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January 21, 2013
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Daily coverage for the global derivatives industry

  Top Stories 
  • CFTC seeks feedback on swaps rules
    A Commodity Futures Trading Commission meeting Jan. 31 will seek input from the financial industry about concerns that clients will shift from swaps to futures because of rules on swaps-execution facilities. Details of those rules will determine how expensive swaps trading will become. Reuters (1/18)
  Industry News and Trends 
  • CFTC and SGX eliminate hurdles in use of iron-ore swaps
    Hedge funds and other financial firms have resumed use of iron-ore derivatives after the Commodity Futures Trading Commission and Singapore Exchange removed regulatory obstacles. "Several of the U.S.-based financial institutions feel the path has now been cleared to trade through SGX again," said Kerry Deal of Jefferies Hong Kong. (subscription required) (1/21) LinkedInFacebookTwitterEmail this Story
  • Markets are hurt by unclear rules, CME's Duffy says
    Terry Duffy, executive chairman of CME Group, said at an industry conference that a lack of clarity in rule making is driving market issues, including low volume. "The rules have yet to come out and be clear, so what happens is that keeps participants on the sidelines until they see what's going to happen," Duffy said. (1/18) LinkedInFacebookTwitterEmail this Story
  • Bank decides to keep dealing in food-related derivatives
    Foodwatch and Oxfam International say certain financial derivatives have driven up food prices worldwide, but Deutsche Bank co-CEO Juergen Fitschen says there is little evidence to support that. "At the same time, agricultural-futures markets bring numerous advantages to farmers and the food industry," he said. "Deutsche Bank has therefore decided in the interest of its clients that it will continue to offer financial instruments linked to agricultural products." Reuters (1/19) LinkedInFacebookTwitterEmail this Story
  Regulatory Roundup 
  • Bond dealers get chance to comment on policy changes
    The Treasury Department sent a questionnaire last week seeking opinion on "drivers of supply and demand in the Treasury bill and repo markets," as well as how regulation is affecting trading. Officials also aim to establish whether the interest-rate swaps market is seeing change because of reporting requirements. Bloomberg (1/18) LinkedInFacebookTwitterEmail this Story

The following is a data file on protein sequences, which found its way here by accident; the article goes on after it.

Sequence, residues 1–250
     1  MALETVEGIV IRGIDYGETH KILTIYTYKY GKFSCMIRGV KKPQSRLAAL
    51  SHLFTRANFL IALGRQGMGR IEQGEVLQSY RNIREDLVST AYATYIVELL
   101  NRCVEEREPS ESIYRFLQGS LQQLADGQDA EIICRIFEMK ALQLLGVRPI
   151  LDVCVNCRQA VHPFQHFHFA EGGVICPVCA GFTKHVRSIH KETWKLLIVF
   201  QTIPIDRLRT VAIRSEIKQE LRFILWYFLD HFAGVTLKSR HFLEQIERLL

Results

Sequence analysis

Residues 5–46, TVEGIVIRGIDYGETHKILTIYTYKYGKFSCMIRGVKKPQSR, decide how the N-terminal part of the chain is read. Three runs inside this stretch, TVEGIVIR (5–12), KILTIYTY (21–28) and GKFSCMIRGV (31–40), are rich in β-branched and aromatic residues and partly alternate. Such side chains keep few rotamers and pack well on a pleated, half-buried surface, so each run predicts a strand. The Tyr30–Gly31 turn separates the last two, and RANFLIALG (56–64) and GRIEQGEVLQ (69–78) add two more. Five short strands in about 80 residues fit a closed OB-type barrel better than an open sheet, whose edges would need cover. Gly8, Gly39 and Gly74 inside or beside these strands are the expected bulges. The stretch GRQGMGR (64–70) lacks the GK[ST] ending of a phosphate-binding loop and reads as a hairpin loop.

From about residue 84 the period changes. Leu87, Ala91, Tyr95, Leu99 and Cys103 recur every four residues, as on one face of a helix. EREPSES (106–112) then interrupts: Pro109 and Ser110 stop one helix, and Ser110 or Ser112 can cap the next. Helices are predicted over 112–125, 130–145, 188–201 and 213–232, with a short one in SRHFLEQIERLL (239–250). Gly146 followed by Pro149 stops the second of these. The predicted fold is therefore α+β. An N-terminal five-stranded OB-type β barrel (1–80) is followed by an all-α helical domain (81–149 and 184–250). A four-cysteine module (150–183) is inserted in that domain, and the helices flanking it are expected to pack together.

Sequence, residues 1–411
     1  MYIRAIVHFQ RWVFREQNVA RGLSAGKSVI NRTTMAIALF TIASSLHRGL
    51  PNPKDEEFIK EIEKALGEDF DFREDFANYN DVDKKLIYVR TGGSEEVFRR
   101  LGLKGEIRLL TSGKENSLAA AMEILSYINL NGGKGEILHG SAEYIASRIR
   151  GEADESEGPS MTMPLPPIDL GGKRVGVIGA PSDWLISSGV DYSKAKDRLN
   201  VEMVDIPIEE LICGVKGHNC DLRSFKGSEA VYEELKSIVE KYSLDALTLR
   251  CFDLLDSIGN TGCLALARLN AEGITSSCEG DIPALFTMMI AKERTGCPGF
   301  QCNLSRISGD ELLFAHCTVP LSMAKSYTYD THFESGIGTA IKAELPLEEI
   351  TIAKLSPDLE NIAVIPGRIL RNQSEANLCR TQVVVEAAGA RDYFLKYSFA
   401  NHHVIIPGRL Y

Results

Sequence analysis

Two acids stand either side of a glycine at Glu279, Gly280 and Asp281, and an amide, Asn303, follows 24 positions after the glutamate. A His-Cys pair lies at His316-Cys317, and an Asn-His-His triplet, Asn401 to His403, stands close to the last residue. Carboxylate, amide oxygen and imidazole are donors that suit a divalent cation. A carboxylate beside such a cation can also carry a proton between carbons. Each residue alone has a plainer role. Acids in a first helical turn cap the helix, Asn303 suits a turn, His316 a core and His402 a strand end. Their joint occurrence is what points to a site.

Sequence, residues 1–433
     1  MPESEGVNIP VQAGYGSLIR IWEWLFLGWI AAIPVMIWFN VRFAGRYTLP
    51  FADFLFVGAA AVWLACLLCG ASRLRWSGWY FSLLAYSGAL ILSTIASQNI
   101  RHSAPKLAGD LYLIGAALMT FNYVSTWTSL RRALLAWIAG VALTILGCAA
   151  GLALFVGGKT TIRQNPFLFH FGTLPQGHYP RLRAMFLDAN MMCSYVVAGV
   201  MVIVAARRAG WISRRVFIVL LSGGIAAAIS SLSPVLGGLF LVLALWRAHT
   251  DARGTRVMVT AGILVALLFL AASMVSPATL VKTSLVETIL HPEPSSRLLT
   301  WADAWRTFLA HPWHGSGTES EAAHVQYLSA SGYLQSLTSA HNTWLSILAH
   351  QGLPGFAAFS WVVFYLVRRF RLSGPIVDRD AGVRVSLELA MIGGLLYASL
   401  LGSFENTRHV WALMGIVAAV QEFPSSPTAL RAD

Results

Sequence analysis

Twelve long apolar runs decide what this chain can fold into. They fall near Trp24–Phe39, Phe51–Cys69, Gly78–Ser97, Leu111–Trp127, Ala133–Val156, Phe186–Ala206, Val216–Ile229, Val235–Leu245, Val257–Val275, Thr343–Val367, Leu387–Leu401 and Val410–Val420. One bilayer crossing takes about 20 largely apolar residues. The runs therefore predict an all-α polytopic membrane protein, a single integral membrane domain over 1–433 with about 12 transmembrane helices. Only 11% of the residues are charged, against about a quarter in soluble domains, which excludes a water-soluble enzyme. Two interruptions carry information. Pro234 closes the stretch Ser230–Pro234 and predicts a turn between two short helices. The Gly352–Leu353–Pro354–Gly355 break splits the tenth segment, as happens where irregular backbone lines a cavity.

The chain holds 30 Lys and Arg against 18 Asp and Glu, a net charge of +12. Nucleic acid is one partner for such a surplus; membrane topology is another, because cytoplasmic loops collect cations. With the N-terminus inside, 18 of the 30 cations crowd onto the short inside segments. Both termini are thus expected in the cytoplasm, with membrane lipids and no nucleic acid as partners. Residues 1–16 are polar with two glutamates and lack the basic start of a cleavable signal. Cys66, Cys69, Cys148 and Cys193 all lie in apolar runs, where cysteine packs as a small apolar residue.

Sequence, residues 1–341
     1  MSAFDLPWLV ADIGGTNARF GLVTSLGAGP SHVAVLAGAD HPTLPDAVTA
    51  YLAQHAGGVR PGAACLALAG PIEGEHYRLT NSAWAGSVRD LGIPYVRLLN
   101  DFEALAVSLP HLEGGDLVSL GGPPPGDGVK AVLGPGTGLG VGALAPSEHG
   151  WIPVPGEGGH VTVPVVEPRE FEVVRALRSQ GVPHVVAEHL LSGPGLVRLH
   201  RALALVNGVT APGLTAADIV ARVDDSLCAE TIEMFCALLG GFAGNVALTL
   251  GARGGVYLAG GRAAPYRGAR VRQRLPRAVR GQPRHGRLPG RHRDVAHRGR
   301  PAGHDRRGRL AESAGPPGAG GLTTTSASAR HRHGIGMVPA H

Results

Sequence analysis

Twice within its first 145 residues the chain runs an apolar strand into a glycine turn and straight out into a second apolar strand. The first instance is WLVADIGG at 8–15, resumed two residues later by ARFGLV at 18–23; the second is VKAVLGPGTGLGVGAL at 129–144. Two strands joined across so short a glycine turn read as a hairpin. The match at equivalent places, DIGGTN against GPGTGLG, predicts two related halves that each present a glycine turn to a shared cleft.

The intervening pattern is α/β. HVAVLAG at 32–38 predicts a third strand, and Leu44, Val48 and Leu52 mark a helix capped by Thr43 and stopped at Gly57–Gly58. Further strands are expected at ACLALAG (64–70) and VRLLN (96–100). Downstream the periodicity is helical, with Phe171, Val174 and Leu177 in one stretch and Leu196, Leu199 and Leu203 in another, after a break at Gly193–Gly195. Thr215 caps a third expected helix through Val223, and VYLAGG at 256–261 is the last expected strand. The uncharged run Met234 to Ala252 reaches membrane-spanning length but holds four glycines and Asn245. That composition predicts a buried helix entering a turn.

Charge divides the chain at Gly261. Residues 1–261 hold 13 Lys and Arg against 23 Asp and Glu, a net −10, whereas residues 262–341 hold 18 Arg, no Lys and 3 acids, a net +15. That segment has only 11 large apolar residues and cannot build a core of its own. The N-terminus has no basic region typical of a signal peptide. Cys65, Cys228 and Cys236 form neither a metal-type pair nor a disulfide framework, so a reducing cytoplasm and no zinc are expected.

• U.S. regulators still have many rules to write
    The Commodity Futures Trading Commission is two-thirds done writing 60 rules as mandated by the Dodd-Frank Act. The Securities and Exchange Commission has written 33 of 95 rules. Analysts expect the most important outstanding rules to be finished this year, but the entire process likely will take until at least 2014 to complete. The Trade News (U.K.) (1/18) LinkedInFacebookTwitterEmail this Story
  • IEA warns of volatility linked to energy-trading rules
    The International Energy Agency is expressing concern about rules that place stricter margin requirements and position limits on the energy-swaps market. "Regulatory uncertainties and inconsistencies within and across jurisdictions might in fact lead to less transparent and more risky global financial markets," the IEA said in a monthly report. Bloomberg (1/18) LinkedInFacebookTwitterEmail this Story
  • Foreign banks express concerns about Nibor manipulation
    Foreign banks have been e-mailing Norway's financial regulator and central bank about possible manipulation of the Norwegian Interbank Offered Rate. "As a market participant and as one of the largest issuers of Norwegian denominated debt I am writing to complain about the Norwegian fixings," one banker wrote. "They seem to bear no resemblance to market realities and we suspect fixings that resemble market abuse." Bloomberg (1/18) LinkedInFacebookTwitterEmail this Story
  ISDA News and Events 
  • Climate shocks cause price shocks
    A Jan. 4 article in The Telegraph discusses how the managing director of Waitrose, a major U.K. supermarket chain, expects prices could spike 5% because of substandard crop yields and the attendant supply shortage. The article goes on to say that this kind of shock might be, as the saying goes, "the new normal." Quoting the U.K. government's chief scientist, John Beddington: "There is going to be another billion people on the planet in 13 years' time. ... That is going to increase demand for food." ISDA believes it's important to understand and know the facts about commodity-price changes and volatility. That's the reason we developed, a website and blog. LinkedInFacebookTwitterEmail this Story

It is so difficult not to become vain about one's own good luck."
--Simone de Beauvoir,
French writer and philosopher

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